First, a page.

The future of Mississippi’s healthcare system remains clouded as the governor’s first State of the State address offers ideas and goals.
But those hopeful for a more robust solution to the current crisis – say they’re back to square one.
A recent survey indicated over 70 percent of voters are concerned about healthcare cost – the Millsaps/Chism strategies survey finds 60 percent in favor some kind of Medicaid expansion.
Governor Tate Reeves is opposed to any kind of expansion – and in his state of the state, he addressed healthcare concerns, but did not offer a specific plan.
“We need to incentivize quality healthcare in all regions of the state and protect the small town way life that makes us who we are,” Reeves said.
The governor did offer a vision to bring more doctors to parts of the state where they’re needed.
“I believe that a major expansion of our rural physicians scholarship program will help us get there I believe we must invest in rural residency programs I believe there should be incentives for businesses that contribute to hospitals in rural areas I believe we should expand telemedicine to reduce the cost of care,” Reeves continued.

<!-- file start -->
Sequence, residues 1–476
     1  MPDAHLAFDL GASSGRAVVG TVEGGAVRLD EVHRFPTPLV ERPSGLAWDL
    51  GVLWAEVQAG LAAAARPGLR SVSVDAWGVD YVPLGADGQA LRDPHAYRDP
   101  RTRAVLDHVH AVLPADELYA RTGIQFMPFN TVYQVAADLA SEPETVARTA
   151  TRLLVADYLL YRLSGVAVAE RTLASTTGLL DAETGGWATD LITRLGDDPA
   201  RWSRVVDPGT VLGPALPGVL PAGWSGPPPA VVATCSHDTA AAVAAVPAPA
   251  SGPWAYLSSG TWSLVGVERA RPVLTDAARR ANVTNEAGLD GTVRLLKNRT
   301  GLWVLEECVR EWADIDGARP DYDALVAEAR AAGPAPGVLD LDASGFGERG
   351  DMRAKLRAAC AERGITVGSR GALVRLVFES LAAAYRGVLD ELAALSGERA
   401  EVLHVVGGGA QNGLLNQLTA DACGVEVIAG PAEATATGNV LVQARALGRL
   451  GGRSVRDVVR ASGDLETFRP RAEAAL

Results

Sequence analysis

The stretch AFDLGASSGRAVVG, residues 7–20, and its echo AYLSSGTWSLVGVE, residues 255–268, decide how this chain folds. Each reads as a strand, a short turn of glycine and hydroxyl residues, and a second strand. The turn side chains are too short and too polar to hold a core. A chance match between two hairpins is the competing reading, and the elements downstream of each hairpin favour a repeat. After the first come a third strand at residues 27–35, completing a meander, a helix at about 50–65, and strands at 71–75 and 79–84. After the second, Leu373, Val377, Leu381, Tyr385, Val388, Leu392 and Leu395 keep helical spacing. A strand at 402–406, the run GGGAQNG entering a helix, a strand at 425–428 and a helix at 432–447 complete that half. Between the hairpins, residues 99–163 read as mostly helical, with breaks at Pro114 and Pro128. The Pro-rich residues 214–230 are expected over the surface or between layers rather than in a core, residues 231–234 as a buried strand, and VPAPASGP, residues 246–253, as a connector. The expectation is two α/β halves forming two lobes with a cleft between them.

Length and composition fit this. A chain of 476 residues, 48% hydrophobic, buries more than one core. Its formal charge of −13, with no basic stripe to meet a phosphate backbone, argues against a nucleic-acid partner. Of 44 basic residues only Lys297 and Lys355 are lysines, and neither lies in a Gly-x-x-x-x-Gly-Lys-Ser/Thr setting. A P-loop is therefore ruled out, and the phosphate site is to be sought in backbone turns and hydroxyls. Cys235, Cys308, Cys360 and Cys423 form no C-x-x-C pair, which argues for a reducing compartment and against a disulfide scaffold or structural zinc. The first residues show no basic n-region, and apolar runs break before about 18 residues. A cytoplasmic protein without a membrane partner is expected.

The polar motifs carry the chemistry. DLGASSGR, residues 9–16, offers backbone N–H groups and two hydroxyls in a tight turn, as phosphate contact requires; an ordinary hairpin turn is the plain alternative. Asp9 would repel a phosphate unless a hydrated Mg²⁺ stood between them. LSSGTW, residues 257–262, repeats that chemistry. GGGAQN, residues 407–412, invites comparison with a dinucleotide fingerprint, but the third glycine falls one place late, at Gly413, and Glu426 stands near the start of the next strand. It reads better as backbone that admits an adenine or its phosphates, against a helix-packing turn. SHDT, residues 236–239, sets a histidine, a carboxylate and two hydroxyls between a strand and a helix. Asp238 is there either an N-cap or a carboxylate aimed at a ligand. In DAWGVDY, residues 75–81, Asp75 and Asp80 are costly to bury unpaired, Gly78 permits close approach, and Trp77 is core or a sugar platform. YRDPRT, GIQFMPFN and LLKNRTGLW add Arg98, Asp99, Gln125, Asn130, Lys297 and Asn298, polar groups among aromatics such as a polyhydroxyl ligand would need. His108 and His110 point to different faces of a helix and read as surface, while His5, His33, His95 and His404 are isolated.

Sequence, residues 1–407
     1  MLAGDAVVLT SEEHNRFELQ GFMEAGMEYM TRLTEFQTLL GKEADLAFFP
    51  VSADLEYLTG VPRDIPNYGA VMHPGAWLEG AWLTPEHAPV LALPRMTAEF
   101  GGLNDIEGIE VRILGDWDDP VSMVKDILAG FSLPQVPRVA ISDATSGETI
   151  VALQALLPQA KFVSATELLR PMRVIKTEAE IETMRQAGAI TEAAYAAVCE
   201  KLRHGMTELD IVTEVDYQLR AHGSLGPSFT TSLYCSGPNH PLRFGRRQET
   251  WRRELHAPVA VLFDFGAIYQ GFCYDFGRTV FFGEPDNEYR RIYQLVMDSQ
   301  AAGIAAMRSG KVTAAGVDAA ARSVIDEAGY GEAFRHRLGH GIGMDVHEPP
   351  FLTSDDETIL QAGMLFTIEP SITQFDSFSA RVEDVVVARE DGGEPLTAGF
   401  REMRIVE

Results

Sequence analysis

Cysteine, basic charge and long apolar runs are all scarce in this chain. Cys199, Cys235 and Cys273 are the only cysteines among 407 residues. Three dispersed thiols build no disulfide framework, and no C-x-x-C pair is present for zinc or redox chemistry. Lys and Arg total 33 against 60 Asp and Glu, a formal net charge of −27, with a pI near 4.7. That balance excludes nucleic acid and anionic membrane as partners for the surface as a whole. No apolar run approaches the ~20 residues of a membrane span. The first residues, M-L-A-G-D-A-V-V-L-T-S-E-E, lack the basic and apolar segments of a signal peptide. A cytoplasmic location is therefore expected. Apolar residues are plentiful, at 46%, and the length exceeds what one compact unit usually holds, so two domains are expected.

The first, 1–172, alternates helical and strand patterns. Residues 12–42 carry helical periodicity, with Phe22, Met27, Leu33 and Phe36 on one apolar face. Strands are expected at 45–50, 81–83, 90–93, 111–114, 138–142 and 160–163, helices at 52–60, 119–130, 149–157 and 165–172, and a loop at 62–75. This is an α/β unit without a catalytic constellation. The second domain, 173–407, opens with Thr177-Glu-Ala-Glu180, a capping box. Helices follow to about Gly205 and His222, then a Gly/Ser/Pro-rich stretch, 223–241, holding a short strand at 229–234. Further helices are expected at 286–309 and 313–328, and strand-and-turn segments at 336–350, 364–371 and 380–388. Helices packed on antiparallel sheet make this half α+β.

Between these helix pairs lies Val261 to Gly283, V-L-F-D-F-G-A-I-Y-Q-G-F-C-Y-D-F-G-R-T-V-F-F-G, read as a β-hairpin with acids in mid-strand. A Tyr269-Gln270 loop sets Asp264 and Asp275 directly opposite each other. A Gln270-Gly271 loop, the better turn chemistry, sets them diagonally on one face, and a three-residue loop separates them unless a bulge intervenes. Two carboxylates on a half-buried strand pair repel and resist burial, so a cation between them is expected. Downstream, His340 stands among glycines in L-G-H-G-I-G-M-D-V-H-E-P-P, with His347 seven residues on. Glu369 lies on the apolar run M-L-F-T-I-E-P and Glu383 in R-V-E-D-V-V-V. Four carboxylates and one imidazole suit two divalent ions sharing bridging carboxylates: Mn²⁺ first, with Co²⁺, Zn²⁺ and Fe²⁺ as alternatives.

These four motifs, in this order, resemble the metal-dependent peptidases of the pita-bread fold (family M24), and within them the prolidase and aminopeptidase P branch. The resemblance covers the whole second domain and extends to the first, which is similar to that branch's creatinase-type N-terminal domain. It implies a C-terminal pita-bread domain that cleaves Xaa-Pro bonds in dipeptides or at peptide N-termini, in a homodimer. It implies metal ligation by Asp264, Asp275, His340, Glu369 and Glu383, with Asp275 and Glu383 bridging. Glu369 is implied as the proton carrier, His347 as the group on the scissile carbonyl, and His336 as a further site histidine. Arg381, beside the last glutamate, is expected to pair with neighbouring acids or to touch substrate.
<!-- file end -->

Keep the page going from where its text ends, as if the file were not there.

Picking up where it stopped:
Governor Reeves’ opposition to Medicaid is no secret, he ran on the issue.
It’s no surprise to Senator Hob Bryan, a Democrat who chairs the Public Health and Welfare committee.
“Governor reeves made it very clear that he was opposed to medicaid expansion, we had an election the people overwhelmingly elected him governor they voted not to have medicaid expansion— elections have consequences,” Bryan said.
Senator Bryan argues Medicaid expansion is a worthwhile investment.
“The state of Mississippi will make money off Medicaid expansion we are losing money for the purpose of refusing to allow Medicaid expansion there is no cost to the state,” he said.
Lt. Governor Delbert Hosemann has looked into the issue – but it’s not clear if anything will happen this session.
In the meantime the Northeast Mississippi Democrat says part of his job will be to encourage people to access healthcare that’s available and to educate them on preventive measures.
“Lay people with some training to act out all over the state to encourage people to have better lifestyles and to access what healthcare is available,” he said.
But for now bold healthcare reforms are left in the air as rural hospitals struggle to stay open.